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Bayesian analysis of U.S. hurricane climate

December 31, 2001

Predictive climate distributions of U.S. landfalling hurricanes are estimated from observational records over the period 1851–2000. The approach is Bayesian, combining the reliable records of hurricane activity during the twentieth century with the less precise accounts of activity during the nineteenth century to produce a best estimate of the posterior distribution on the annual rates. The methodology provides a predictive distribution of future activity that serves as a climatological benchmark. Results are presented for the entire coast as well as for the Gulf Coast, Florida, and the East Coast. Statistics on the observed annual counts of U.S. hurricanes, both for the entire coast and by region, are similar within each of the three consecutive 50-yr periods beginning in 1851. However, evidence indicates that the records during the nineteenth century are less precise. Bayesian theory provides a rational approach for defining hurricane climate that uses all available information and that makes no assumption about whether the 150-yr record of hurricanes has been adequately or uniformly monitored. The analysis shows that the number of major hurricanes expected to reach the U.S. coast over the next 30 yr is 18 and the number of hurricanes expected to hit Florida is 20.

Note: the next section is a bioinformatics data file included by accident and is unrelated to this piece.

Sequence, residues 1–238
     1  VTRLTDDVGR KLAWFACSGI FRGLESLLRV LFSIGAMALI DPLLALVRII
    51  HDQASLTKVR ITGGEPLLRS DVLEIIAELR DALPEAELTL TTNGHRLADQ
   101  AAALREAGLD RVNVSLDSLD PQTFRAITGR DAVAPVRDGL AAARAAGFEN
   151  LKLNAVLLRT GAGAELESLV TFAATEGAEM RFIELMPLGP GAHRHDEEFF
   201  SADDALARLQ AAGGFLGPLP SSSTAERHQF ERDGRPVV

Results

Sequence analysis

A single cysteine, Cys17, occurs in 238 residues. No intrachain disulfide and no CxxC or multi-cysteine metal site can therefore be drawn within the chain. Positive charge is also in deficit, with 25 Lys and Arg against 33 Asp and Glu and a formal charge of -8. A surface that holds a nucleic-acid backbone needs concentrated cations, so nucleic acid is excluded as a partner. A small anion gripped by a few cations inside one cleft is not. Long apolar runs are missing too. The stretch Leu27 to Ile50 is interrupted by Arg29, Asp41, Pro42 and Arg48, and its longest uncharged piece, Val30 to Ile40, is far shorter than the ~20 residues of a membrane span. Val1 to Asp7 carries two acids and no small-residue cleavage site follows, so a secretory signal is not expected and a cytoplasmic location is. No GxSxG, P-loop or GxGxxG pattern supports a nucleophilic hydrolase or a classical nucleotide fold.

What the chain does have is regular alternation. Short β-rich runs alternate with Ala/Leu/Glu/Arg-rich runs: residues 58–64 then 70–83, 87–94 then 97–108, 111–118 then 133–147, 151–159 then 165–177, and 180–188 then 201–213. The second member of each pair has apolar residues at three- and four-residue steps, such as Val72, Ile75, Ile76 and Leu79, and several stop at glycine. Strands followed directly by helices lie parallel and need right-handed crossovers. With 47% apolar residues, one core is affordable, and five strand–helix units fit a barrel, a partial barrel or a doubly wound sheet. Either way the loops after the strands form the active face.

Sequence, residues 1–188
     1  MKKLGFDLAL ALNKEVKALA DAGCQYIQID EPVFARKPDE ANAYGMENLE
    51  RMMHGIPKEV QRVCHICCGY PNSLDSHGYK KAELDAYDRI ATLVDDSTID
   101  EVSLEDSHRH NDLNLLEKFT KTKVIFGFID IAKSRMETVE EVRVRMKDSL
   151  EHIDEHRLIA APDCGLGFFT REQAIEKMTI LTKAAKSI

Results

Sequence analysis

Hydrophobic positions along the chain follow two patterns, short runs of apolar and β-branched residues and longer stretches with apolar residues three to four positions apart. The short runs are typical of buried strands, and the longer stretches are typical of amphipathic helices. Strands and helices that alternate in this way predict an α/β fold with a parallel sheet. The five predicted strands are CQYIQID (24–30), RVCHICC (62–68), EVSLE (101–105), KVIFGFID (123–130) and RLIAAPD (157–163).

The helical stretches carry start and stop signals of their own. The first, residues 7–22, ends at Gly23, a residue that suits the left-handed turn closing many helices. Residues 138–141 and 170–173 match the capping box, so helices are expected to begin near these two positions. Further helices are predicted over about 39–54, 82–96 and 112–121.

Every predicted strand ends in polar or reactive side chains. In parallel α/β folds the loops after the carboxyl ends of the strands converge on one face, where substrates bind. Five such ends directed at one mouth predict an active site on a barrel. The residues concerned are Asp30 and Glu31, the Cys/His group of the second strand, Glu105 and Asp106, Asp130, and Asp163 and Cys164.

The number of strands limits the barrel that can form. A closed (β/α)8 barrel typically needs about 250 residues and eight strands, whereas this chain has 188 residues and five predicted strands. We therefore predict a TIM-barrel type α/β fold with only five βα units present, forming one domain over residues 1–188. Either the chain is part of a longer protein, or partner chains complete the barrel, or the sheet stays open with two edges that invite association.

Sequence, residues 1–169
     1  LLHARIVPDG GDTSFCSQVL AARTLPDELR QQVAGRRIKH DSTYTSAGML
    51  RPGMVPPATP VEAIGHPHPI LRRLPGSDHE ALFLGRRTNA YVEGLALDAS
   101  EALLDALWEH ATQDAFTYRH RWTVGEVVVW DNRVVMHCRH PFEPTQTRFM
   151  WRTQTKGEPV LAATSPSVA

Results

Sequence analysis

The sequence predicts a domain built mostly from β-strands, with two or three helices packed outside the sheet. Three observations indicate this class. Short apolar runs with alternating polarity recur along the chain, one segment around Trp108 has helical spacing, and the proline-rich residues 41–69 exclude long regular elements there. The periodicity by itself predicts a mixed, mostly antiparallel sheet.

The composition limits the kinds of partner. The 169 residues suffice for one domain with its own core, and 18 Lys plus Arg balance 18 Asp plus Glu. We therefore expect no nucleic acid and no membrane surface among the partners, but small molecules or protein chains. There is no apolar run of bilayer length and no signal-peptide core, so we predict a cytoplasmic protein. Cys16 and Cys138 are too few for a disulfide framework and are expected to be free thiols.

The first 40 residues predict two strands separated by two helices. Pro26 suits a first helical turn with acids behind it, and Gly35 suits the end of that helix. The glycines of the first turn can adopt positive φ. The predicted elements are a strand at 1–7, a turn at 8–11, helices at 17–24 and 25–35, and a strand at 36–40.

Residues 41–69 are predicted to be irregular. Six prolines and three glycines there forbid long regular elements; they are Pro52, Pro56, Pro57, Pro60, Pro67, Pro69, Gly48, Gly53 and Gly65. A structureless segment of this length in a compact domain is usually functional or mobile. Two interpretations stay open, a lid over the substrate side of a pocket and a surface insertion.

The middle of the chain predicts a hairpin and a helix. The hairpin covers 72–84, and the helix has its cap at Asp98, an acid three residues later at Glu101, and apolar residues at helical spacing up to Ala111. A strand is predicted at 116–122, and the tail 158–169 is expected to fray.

Publication Year 2001
Title Bayesian analysis of U.S. hurricane climate
Authors James B. Elsner, Brian H. Bossak
Publication Type Article
Publication Subtype Journal Article
Series Title Journal of Climate
Index ID 70185165
Record Source USGS Publications Warehouse
USGS Organization St. Petersburg Coastal and Marine Science Center